Intro

When we published the GHOST paper on shifting the decision boundary to improve the predictive performance of classification models built on imbalanced datasets, we only considered binary classifiers (e.g. active/inactive, soluble/insoluble, etc.). I was recently asked if the method could be extended to ternary (three-class) classifiers. This post is about doing that.

The code here isn't set up for easy re-use at the moment. It will eventually find its way into the open-source ghostml package once we've had a chance to review and test it more thoroughly.

Aside:the ghostml package is now pip installable: python -m pip install ghostml to install it in your environment In order for this to make sense, I think I should start with some explanation of the way I've approached the problem:

Using thresholds in ternary problems

Things are a bit more complicated here than with binary classifiers. For the binary case we just have a single threshold which determines whether an instance is predicted to be in class 0 or 1. So, assuming that we optimized based on the probability of class 1, we can formulate the decision as:

if probabilities[1] >= threshold:
   prediction = 1
else:
   prediction = 0

Before doing any optimization threshold is equal to 0.5.

For ternary predictions we have two different decision boundaries and there's no longer a simple threshold; instead the default decision rule can be expressed as:

prediction = argmax(probabilities)

i.e., the prediction is the class which has the highest predicted probability.

Aside:the same decision rule can be used for a binary classifier with the default threshold. It's just easier to explain using the threshold of 0.5.
If we want to introduce two thresholds for the ternary classifier, and assuming that we optimize the thresholds for classes 0 and 2, we have to use a more complex decision rule:

        if probabilities[0]>=thresholds[0]:
            # we might still be in class 2 if the relative probability of that
            # is larger than the probability of class 0
            if (probabilities[2]-thresholds[1])>(probabilities[0]-thresholds[0]):
                prediction = 2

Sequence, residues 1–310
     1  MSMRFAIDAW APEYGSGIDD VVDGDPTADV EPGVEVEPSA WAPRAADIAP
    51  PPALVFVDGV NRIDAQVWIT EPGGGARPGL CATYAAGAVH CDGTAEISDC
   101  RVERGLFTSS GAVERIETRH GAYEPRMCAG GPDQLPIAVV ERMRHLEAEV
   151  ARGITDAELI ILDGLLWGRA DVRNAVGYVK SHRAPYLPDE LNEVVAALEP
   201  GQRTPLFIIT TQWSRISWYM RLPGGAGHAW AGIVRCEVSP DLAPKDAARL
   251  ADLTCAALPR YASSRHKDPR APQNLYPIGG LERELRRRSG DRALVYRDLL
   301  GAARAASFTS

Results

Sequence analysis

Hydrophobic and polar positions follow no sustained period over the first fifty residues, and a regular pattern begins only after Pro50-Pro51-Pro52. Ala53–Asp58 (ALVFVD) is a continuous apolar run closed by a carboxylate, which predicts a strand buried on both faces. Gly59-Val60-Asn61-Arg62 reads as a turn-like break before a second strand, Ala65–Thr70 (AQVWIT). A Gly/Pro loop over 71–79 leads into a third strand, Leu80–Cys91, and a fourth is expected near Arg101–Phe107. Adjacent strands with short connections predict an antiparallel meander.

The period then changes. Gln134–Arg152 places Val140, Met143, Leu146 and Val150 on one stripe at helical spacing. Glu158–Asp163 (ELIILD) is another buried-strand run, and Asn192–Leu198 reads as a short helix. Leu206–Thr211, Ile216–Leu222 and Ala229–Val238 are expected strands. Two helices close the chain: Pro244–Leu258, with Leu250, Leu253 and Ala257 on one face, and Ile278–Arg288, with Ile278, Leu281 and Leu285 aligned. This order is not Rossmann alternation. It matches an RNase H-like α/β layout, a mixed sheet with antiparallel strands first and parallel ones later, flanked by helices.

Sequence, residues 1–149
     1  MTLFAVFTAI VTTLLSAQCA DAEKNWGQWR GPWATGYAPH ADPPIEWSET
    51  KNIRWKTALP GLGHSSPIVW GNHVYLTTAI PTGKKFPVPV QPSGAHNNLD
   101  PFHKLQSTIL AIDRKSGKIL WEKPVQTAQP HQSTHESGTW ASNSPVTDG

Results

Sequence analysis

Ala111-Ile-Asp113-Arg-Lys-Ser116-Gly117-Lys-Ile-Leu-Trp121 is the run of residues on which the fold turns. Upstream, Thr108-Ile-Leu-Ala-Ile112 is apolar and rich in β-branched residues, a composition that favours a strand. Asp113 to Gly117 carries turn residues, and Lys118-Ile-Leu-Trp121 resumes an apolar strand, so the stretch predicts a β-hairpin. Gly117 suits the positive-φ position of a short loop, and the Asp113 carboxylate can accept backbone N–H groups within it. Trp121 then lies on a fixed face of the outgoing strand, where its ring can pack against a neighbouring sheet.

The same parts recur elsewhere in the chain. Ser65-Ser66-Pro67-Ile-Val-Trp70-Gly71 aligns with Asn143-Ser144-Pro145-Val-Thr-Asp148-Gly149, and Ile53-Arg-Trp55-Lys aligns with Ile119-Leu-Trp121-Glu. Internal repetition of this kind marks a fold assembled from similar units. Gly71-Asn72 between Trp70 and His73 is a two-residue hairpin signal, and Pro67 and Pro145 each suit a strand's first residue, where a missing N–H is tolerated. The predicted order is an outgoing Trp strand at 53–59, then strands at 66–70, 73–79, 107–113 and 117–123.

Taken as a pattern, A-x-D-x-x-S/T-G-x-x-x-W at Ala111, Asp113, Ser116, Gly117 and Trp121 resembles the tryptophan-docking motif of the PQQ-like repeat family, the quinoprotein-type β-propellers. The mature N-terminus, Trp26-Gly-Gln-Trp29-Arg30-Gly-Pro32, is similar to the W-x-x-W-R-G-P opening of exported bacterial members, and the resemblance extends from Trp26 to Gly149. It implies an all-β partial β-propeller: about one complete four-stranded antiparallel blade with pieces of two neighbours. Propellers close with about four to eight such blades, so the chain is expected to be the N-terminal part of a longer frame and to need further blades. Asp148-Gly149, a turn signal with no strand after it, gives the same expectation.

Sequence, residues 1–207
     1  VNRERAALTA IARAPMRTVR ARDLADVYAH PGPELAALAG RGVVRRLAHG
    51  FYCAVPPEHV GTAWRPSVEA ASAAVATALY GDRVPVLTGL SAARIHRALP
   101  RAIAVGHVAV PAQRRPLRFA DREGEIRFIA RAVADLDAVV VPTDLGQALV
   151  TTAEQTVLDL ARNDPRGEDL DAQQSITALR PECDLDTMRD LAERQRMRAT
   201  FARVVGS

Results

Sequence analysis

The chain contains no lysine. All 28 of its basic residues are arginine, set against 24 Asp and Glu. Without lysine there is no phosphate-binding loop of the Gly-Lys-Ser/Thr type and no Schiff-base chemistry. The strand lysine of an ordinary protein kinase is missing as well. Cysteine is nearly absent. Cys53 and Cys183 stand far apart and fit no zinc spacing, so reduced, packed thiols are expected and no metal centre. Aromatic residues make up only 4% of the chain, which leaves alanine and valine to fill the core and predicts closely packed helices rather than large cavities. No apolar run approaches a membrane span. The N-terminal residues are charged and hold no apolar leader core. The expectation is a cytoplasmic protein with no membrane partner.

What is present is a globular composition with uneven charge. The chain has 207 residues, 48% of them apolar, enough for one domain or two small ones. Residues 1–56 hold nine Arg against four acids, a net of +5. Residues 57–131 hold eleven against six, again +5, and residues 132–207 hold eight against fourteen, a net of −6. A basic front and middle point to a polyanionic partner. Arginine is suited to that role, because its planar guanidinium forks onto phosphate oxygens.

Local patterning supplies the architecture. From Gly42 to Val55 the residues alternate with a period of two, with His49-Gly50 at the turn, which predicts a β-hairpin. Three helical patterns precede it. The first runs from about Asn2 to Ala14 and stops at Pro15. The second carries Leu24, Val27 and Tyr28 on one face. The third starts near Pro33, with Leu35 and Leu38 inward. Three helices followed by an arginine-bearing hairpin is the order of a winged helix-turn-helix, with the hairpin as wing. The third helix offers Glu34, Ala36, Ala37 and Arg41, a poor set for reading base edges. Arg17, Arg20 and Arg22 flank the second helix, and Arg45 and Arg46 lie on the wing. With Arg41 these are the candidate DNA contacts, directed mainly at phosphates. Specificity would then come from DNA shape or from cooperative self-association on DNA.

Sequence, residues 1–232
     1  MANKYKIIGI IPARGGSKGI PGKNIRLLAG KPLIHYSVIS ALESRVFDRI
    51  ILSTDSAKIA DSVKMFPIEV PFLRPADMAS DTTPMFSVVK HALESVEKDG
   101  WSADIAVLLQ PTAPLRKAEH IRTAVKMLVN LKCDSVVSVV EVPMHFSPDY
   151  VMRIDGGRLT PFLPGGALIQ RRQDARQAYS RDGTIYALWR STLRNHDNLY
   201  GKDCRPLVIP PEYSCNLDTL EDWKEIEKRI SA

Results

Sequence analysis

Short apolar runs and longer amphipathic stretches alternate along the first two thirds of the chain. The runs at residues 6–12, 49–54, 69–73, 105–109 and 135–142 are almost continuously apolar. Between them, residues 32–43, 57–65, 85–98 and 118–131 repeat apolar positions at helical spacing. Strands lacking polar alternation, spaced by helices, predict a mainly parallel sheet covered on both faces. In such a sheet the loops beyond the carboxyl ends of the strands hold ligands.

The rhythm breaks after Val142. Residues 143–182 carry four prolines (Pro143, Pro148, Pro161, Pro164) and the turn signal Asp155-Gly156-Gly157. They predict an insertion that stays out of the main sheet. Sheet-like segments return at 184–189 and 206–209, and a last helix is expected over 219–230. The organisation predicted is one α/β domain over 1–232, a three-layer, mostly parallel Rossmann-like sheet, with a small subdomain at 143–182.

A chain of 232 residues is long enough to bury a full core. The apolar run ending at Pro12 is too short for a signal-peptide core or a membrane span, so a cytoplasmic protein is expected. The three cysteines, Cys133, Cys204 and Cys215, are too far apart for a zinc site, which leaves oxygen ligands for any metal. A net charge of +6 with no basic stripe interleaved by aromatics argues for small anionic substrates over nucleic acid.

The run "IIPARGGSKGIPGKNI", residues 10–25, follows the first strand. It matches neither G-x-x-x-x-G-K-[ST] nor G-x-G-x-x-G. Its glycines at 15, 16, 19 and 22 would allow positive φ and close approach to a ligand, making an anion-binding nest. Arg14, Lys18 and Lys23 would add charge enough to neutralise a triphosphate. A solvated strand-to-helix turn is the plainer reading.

else:
                prediction = 0
        elif probabilities[2]>=thresholds[1]:
            prediction = 0
        else:
            prediction = 1

Optimizing thresholds for ternary problems

For the sake of this post let's assume that we're optimizing the thresholds for classes 0 and 2; we could also do 0 and 1, or 1 and 2, the results should still be the same.

In this post I explore two different approaches for optimizing these thresholds.

Greedy optimization

Here I optimize the two thresholds independently of each other by constructing two binary classification problems and optimizing the thresholds for those problems. Here's the process:

  1. Create a binary classification set by setting the training-set y values to 1 if the original value is 0 and to 0 otherwise.
  2. Use the original ghostml approach with that binary classification data and the predicted probabilities of each training point to be 0 in order to set threshold0, the threshold for the predicted probability of being 0.
  3. Create a binary classification set by setting the training-set y values to 1 if the original value is 2 and to 0 otherwise.
  4. Use the original ghostml approach with that binary classification data and the predicted probabilities of each training point to be 2 in order to set threshold2, the threshold for the predicted probability of being 2.

Since the current ghostml code doesn't support using balanced accuracy for optimization, I just use kappa for the greedy optimization.

Explore the full grid of possible (threshold0, threshold2) pairs and pick the one which produces the optimal Cohen's kappa value. I also try a variant of this which optimizes balanced accuracy instead of Cohen's kappa.

TL;DR Results summary

Both approaches work well with both simulated data and a couple of datasets from ChEMBL. There doesn't seem to be a large or consistent difference in the quality of the results generated with the two different methods. The greedy optimization approach is, however, quite a bit faster.